Manteca’s next big thing might just end up being garbage.
That’s because Manteca — one of the few full-service cities left in California meaning it doesn't contract out any basic municipal services such as solid waste collection — is working toward turning the land around the wastewater treatment plant into arguably the “greenest” spot in the state.
And garbage will be the piece de resistance of that effort.
Manteca is continuing to ramp up its food waste to fuel efforts. Food waste that restaurants, schools, and supermarkets toss combined with the methane byproduct of the treatment of what we flush down the toilet is already powering some of the trucks that collect our garbage.
Work has started on a massive solar farm to generate electricity to run the wastewater treatment plant. The city is now paying in excess of $1.5 million to PG&E a year for energy costs.
The next endeavor being pursued is a low-tech operation that will keep help temper future rate increases, assure that recyclables that can be recycled are recycled, and generate revenue to help offset solid waste costs that will benefit ratepayers in the long haul.
It involves establishing a material separating facility along with a composting operation.
This may not sound glamorous but it is a seismic event in the city’s endeavor to save green by becoming even more green.
Material separation facilities are a dime a dozen. What is unheard of is a material separation facility operated in conjunction with a wastewater treatment plant that is essentially set up as a fuel refinery.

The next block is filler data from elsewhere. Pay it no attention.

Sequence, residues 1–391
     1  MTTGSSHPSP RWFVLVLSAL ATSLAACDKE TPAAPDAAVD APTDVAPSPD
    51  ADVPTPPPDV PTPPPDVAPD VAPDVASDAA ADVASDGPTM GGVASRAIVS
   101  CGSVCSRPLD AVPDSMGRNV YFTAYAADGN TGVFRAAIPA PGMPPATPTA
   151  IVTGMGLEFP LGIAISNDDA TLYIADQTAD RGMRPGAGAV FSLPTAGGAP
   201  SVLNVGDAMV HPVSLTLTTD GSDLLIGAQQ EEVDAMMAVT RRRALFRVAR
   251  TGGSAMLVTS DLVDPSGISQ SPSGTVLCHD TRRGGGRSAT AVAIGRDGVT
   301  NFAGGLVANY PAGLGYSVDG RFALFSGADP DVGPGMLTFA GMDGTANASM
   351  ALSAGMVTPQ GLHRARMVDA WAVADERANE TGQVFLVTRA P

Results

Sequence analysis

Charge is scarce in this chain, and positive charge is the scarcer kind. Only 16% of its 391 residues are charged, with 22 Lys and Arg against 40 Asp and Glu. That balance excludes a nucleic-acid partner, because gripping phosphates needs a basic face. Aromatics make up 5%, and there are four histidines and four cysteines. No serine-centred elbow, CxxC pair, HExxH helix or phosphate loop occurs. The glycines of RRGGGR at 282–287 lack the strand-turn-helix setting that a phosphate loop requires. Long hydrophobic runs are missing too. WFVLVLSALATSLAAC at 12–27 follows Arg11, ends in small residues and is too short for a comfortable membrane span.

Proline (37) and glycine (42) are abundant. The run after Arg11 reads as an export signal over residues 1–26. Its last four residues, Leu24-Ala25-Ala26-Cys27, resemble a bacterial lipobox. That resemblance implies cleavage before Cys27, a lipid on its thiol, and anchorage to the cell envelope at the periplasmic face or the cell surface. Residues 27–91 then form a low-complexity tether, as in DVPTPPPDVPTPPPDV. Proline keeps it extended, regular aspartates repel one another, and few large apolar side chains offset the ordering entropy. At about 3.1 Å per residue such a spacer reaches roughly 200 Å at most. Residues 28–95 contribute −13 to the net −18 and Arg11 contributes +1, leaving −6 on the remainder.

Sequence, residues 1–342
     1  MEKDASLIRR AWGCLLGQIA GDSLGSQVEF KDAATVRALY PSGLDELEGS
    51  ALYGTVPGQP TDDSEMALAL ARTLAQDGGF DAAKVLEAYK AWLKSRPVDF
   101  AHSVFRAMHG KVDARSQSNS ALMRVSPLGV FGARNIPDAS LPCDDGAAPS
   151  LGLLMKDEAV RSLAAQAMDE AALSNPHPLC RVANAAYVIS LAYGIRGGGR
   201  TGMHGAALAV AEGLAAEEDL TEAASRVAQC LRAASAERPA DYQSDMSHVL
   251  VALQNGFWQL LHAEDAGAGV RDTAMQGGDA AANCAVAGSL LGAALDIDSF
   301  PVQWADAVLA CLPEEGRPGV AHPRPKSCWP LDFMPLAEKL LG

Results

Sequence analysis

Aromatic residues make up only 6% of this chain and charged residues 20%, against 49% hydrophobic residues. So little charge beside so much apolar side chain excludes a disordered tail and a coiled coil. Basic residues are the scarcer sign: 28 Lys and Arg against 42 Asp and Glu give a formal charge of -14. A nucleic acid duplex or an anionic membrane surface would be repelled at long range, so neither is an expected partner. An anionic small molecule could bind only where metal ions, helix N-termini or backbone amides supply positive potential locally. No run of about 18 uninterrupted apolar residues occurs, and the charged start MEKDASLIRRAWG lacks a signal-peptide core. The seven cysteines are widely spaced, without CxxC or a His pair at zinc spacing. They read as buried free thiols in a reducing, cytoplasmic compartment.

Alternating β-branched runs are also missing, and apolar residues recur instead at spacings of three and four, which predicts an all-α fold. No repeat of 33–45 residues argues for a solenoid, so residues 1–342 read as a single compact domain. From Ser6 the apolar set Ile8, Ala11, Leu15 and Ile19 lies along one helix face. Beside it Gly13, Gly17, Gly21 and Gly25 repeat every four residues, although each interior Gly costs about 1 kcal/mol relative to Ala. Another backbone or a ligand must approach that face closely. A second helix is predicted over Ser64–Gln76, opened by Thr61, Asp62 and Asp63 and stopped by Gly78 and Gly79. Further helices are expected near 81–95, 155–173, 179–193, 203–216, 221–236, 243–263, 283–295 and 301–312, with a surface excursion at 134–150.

Toss in a composting operation and you have the opportunity for Manteca to come as close to 100 percent as possible to repurposing the solid waste its residents and businesses create. That’s because paper products that are contaminated with food waste — both are fiber-based — would be turned into compost. As markets grow and are developed for clean paper product recycling, Manteca would be in a position to sell those items that once enjoyed as big a demand as clean cardboard. That’s before our sloppy individual recycling habits caught up with us and emerging Third World countries were no longer willing to take our contaminated recyclables by the shipload, separate and repurpose what they could, and then bury the rest.
And if the City Council ends up adopting an ordinance staff is crafting at their direction to require compostable food take-out containers and to move away from single use cups, Manteca will take a large whack out of items that can’t be recycled with any degree of success such as Styrofoam.
The self-proclaimed hubs of the green movement — Davis, Berkeley, Santa Cruz, and others — won’t hold a candle made out of recycled fats, oils, and grease to what Manteca would be able to do.
And it is because Manteca essentially controls both its wastewater and its solid waste collection operations.
The advantages of a system of solid waste that a city can exert as much control over as possible was underscored by the 2018 ban by China on waste imports that other nations quickly followed suit. Just like with much of our pharmaceutical needs, recycling industries were concentrated in China and decimated in this country due to labor costs. American recycling for repurposed products can’t grow if our recyclables are contaminated to the degree they have been for years. As long as China et al was willing to buy contaminated recyclables we smugly told ourselves how green we were and that we were saving the earth while in fact we were exporting garbage.